By ordering the troops’ deployment, Obama trod in the footsteps of Bush, who dispatched 6,000 National Guard troops to the border in 2006 to back up the Border Patrol and help build several hundred miles of walls and fences. In both cases, the measures were meant to win bi-partisan support for overall reform.

That would need to include figuring out a way to keep track of people who enter the U.S. on valid visas and stay behind when they expire. With attention focused on the border, visa overstayers rarely figure in the debate but they are estimated to make up around 40 percent of the population of illegal immigrants.

How to handle them has been the thorniest problem of all, with conservatives decrying as “amnesty” proposals to work out a way to legal status. Public attitudes are somewhat schizophrenic, judging from opinion polls.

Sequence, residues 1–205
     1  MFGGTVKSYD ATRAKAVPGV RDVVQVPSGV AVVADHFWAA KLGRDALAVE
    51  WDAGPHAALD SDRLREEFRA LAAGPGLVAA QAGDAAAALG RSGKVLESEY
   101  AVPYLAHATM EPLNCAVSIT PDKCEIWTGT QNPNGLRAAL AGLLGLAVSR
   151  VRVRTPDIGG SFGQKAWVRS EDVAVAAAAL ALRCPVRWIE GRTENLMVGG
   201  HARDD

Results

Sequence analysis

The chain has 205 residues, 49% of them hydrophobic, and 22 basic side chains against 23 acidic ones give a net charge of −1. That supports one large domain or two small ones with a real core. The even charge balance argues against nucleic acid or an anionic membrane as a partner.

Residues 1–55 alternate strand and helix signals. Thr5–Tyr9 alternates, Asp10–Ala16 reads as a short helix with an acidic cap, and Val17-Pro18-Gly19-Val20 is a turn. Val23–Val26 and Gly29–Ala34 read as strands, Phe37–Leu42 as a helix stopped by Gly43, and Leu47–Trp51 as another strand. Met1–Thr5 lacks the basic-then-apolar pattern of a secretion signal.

A poll late in May by the Opinion Research Corporation, for example, showed 80 percent in favor of a program that would allow illegal immigrants who have already lived in the U.S. for several years to apply for legal status if they had a job and paid any taxes owed. But in response to a differently-phrased question, 60 percent supported deporting illegal immigrants already in the country.

Last year, according to government figures, the U.S. deported 387,790 illegal immigrants — an average of more than 1,000 a day and a tiny fraction of the undocumented population. Wholesale deportation of all of it belongs as much in the world of fantasy as the idea that “all unlawful entries” could be stopped.

To show how unrealistic the notion of mass deportation is, the Center for American Progress, a liberal Washington think tank, crunched some numbers in a recent report on immigration. Assuming that they could all be tracked down, how many buses would it take to ferry out all illegal immigrants?